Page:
Dementieva emerges as a favorite
NEW YORK -- Still awash in the afterglow of her Olympics win in Beijing, Elena Dementieva soaked in the magnitude of her golden moment as she flew back to her native Russia two weeks ago. Upon landing at Sheremetyevo Airport in a Moscow suburb, she was greeted by fans waving signs, flowers and flags.
Back home for one day only, the world's fifth-ranked woman returned to her roots at the CSKA, the training facility known as the Soviet Army Club, where she practices. Unaware that the Olympic champions were going to have fountains named after them, Dementieva and her mother found the tribute surprising.
"We had an ocean of happiness when she won," says Dementieva's mother, Vera, through a translator. "But we did not have any idea about the fountain!"
Already a week into play at the U.S. Open, the 5-foot-11 Dementieva, defined best by her gentle features and rigid ground strokes, has continued her flowing success. Without dropping a set in her first four matches, she advanced to the quarterfinals Sunday night by beating China's Na Li 6-4, 6-1.
"It's not that I forgot about my Olympic games," Dementieva said. "I have to be ready to play first round because nobody could exclude me because I won in Beijing."
For all of the talk regarding jet lag and Olympics-sized rings under the travel-worn WTA stars, Dementieva has continued her history of translating Olympian experience into American success. In 2000, she became the first Russian woman to reach the Open semifinals, that after having won the silver medal in Sydney. Though dismissed in the first round of the 2004 games, she rebounded to reach the U.S. Open finals within the month, only to lose to compatriot Svetlana Kuznetsova.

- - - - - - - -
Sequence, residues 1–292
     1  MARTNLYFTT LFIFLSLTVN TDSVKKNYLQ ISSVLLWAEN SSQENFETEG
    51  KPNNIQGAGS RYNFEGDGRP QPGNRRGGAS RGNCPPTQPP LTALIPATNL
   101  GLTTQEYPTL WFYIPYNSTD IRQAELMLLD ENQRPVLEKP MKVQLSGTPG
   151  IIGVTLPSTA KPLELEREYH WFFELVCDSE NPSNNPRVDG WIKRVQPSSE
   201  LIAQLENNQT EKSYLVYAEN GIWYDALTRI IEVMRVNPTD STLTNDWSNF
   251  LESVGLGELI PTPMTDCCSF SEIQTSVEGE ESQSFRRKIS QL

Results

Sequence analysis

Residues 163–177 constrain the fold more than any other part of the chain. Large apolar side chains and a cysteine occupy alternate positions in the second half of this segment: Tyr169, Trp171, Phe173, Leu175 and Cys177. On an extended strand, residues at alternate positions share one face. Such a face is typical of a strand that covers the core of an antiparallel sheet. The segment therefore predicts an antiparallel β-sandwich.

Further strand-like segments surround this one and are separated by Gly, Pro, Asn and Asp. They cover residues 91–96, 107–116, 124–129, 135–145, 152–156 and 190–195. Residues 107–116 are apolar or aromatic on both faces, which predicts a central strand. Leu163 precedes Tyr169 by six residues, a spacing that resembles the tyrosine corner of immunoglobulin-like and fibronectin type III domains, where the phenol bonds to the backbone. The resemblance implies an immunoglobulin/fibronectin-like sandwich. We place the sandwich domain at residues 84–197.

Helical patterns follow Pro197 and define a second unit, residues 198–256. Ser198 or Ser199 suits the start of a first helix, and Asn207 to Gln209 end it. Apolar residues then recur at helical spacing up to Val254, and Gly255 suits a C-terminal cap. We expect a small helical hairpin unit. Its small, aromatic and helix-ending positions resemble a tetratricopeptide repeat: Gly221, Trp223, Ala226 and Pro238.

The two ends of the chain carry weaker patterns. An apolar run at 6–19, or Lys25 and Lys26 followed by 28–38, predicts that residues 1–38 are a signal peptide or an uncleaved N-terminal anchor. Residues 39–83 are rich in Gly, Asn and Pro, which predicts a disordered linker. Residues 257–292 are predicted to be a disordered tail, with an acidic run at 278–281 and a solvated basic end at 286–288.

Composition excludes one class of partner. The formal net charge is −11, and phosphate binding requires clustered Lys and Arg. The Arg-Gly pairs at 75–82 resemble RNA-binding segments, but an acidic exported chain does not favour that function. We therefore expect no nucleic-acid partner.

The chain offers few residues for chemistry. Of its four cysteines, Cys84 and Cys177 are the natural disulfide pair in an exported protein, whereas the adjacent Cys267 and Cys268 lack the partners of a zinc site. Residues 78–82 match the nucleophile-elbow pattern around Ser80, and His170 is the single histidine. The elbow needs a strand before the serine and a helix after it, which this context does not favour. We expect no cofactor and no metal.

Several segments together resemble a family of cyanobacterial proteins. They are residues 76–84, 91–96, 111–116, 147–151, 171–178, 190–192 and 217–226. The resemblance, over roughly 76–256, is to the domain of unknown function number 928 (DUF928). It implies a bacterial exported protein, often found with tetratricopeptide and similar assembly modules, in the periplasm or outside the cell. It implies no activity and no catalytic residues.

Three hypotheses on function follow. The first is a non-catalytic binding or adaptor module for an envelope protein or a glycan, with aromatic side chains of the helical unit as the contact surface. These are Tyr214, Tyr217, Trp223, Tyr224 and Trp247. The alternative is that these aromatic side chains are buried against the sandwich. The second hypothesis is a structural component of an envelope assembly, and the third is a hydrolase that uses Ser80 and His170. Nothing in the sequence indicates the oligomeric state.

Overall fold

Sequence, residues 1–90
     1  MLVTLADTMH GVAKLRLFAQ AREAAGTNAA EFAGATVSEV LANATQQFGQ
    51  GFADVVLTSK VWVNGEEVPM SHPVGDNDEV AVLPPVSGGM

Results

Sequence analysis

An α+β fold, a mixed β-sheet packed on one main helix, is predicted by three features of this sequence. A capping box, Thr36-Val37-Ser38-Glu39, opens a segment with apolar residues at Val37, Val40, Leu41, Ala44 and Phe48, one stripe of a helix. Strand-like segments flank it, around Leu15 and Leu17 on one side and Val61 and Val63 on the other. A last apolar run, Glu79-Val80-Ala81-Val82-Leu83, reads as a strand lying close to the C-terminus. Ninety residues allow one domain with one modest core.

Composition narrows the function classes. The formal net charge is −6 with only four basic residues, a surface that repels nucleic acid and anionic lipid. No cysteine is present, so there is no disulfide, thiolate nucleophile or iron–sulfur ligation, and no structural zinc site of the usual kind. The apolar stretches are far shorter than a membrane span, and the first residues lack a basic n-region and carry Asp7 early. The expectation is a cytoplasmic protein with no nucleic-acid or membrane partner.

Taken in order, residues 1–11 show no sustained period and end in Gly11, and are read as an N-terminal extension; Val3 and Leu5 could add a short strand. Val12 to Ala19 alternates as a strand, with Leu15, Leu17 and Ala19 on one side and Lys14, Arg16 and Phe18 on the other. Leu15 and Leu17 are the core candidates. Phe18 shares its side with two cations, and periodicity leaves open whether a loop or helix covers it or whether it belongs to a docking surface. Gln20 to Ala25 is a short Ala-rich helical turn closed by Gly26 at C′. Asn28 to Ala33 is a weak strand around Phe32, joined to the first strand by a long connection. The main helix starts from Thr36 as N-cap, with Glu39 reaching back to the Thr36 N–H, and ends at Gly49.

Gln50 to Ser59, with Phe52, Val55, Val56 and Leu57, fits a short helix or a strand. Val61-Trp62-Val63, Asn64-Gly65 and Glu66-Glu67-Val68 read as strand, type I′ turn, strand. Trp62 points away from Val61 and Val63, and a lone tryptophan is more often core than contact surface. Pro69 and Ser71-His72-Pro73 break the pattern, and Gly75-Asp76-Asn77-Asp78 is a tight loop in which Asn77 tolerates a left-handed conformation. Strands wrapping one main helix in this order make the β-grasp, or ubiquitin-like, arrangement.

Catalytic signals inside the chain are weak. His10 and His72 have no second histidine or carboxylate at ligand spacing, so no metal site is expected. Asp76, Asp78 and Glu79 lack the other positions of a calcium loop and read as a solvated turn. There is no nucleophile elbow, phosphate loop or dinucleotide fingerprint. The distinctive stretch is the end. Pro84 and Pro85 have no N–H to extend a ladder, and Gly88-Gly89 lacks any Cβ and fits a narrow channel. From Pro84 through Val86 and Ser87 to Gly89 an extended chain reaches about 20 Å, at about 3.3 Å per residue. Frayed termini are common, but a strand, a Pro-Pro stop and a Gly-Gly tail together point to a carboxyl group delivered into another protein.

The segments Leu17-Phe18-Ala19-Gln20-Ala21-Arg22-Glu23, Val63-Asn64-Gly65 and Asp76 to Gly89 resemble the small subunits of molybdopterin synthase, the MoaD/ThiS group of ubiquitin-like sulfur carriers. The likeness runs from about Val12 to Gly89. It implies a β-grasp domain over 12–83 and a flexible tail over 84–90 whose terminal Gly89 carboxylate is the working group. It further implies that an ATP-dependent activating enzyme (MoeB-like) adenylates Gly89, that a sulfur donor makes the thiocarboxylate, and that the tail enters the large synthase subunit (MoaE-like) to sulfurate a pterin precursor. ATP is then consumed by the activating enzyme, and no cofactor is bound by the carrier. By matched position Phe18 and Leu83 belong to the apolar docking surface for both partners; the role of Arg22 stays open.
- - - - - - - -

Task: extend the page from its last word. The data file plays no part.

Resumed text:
"I was not that tired [during the loss to Kuznetsova]," Dementieva said Sunday night. "The way Svetlana was playing that year, she was better than anyone."
In 2008, the year that the WTA has seen Justine Henin retire, Maria Sharapova injured and Ana Ivanovic and Jelena Jankovic play inconsistently, Dementieva has emerged as a favorite to claim the year's final Grand Slam. Able to steel herself behind a curtain of competitiveness, she chooses not to speak of being No. 1. Instead, she shifts discussion to her next match against Swiss southpaw Patty Schnyder. "I've got big experience against Patty," she said. "So hopefully it's going to help."
Already a success internationally, Dementieva marched into the Open as part of an army of 16 Russian women, the largest party from any individual country, but with three rounds remaining, only two survived the first week. Kuznetsova, a finalist last year and this year's No. 3 seed, bowed out to Slovenia's Katarina Srebotnik on Friday. No. 8 seed Vera Zvonareva lost in the second round and No. 10 Anna Chakvetadze lost her opener.
Despite her gold medal and a current hard-court win streak of 10 matches, Dementieva says the top Russian is No. 6 seed Dinara Safina, whose mother, Rauza Islanova, trained Dementieva from ages seven to 11 at the prestigious Spartak Club. "I believe she is the hottest on tour right now," said Dementieva, who defeated Safina for the gold in Beijing, and could face her next weekend if both advance to the final.
In the name of Mother Russia, and traveling with her Muscovite mother by her side, Dementieva has stayed up late to watch the night matches. On Sunday, she enjoyed her own time under the lights after struggling with her serve in the first set, but recovered for an easy straight-sets win that lasted just over an hour. When asked how her daughter would view a U.S. Open title to match her gold medal, Dementieva's mother said, "If you were to walk up to a random person on the street and tell them you won a Grand Slam, they may not know if you are talking about golf or another sport. But if you walked up to that person and said you won a gold medal, there would be instant recognition. We prioritized in scheduling for the gold."
With each new event, Dementieva's mother says, a new hope springs. In Queens, Dementieva hopes her fountain of success does not run dry until another title is pumped out.